avowed indeed, afterwards, that he never feared offending by flattery, being convinced that, for one man who was offended, ninety-nine were pleased with that which, if presented to others, they would have deemed nauseating and disgusting."-Letters, &c., vol. ii.

INDIA RUBBER CARPETS.-Dr. Jones, of Mobile, in a letter to professor Silliman, says, "Having some India rubber varnish left, which was prepared for another purpose, the thought occurred to me of trying it as a covering to a carpet, after the following manner: A piece of canvass was stretched and covered with a thin coat of glue, (corn-meal size will probably answer best,) over this was laid a sheet or two of common brown paper, or newspaper, and another coat of glue added, over which was laid a pattern of house-papering, with rich figures. After the body of the carpet was thus prepared, a very thin touch of glue was carried over the face of the paper, to prevent the India rubber

too often turned their backs upon him.
O, undeserving and invidious times!
when such illustrious examples
are thus wantonly made light of,-
such splendid virtues

thus basely blown upon.

and somewhat given to smoking,
yet he was never seen in liquor,
which was his utmost abhorrence:
raking, which ruins most constitutions,
was far from spoiling his,

though it often threw him into inflammatory disorder.
His days, which were short,

were ended by a gentle and gradual decay;
his substance wasted and strength consumed.
A temporal period was put to his finite existence,
by his being seized with a cold

in one of the wanton days
of the fatal month of May.
His loss and cheering influence
is often and feelingly lamented
by his friends,
who erected this monument in memory
of his endearing virtues.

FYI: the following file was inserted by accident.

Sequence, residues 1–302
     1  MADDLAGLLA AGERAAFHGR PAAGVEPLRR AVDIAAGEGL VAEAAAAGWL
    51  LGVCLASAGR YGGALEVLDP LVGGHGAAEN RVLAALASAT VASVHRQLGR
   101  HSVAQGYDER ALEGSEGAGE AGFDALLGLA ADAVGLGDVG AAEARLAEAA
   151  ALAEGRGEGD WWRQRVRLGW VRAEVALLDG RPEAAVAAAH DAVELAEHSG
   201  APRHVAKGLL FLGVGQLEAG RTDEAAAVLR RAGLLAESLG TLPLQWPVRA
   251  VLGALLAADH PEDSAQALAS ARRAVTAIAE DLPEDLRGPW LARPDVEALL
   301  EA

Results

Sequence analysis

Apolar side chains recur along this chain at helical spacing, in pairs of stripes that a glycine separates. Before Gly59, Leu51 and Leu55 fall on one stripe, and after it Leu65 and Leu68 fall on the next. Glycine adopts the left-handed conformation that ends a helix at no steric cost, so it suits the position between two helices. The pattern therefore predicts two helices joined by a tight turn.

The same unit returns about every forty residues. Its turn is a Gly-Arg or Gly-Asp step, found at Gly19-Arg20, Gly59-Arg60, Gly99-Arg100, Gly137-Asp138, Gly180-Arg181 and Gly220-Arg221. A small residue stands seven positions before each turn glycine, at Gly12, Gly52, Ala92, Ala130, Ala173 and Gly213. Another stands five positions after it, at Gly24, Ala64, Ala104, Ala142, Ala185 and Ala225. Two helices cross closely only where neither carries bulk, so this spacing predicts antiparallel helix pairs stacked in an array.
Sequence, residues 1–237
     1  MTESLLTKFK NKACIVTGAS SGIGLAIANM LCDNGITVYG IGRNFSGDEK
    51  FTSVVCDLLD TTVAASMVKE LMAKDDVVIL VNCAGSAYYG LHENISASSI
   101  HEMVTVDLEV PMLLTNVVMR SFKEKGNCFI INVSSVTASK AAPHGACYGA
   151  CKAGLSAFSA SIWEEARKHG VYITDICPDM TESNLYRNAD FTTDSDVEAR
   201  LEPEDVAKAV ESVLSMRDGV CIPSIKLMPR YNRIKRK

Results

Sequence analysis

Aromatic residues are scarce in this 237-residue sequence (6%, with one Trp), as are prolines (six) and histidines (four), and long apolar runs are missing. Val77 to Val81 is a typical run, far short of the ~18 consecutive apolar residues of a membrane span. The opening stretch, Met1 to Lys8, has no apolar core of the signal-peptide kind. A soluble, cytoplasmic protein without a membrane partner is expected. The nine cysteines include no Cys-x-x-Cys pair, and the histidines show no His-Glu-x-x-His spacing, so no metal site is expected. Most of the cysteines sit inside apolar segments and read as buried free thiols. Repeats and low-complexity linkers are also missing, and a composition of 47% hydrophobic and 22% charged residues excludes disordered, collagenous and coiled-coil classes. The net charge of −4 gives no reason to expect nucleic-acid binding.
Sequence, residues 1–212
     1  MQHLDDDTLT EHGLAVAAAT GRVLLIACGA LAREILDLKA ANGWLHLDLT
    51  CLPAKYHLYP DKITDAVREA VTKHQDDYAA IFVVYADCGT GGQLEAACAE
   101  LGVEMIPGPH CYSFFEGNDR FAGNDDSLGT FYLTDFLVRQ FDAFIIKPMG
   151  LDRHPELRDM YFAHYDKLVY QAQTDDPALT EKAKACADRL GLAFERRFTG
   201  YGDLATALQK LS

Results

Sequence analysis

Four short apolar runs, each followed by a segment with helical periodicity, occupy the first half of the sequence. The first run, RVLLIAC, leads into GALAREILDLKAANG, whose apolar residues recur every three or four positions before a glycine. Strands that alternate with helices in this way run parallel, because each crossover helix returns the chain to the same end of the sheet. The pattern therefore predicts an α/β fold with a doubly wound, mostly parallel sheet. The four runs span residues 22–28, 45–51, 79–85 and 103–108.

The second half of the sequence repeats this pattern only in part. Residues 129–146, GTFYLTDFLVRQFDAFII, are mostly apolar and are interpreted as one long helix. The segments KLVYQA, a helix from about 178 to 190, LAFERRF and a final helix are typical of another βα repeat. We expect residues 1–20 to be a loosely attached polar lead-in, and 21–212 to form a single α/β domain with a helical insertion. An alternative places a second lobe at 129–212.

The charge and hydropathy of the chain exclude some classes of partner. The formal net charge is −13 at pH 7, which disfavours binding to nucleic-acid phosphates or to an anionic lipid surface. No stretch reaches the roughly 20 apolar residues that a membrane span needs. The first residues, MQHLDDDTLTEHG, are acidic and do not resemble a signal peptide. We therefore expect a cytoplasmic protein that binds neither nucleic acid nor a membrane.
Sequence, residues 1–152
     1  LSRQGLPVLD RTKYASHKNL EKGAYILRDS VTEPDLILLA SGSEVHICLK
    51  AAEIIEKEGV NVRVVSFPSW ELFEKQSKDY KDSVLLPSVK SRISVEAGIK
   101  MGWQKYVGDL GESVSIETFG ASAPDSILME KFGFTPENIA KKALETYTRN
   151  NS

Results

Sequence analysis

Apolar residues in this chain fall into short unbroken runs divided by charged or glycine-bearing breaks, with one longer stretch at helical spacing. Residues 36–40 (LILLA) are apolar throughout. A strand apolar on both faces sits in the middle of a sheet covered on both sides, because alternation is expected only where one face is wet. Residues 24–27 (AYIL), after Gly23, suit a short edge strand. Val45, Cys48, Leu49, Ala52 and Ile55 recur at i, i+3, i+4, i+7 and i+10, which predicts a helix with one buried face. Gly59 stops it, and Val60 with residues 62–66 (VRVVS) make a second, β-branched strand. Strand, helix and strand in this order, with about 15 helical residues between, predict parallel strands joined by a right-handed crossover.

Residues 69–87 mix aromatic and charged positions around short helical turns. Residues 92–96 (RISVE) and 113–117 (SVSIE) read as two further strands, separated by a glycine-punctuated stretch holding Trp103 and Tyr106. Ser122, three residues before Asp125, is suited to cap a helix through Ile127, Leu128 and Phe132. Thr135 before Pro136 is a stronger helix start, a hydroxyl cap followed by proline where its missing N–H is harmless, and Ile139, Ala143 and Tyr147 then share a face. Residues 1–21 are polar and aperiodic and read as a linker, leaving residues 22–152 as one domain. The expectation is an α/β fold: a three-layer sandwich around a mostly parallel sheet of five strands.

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It does not seem doubtful, or rather, we may say, it is absolutely certain, that the foundation of all idolatry, be it of how degrading and revolting a character it may, is what is called "natural religion," the breathing of the finite created spirit after the infinite spiritual God-the law of the mind," as Paul expresses it. In all heathen countries, where any advance has been made in civilization and the arts, designing men have used every effort to turn this principle into the instrument of their own purposes. The rudest of all people which have been introduced to our notice in modern times, the aboriginal inhabitants of Australia, had no temple, no idol, no consecrated substance, or sacred place. Their memories did not reach further back than the preceding generation; but still, when they were asked whither their fathers had gone, they pointed upward to the sky in dumb though solemn veneration. The red Indians of North America, still a rude and ignorant people, but far more intellectual than the native Australians, worshipped "the Great Spirit ;" and, although some of them had symbolic objects, as for instance the "stone" of the Oneidas, yet these were national rather than idolatrous; and "the Great Spirit" was worshipped by them in the same manner as by those who had no symbolic substance,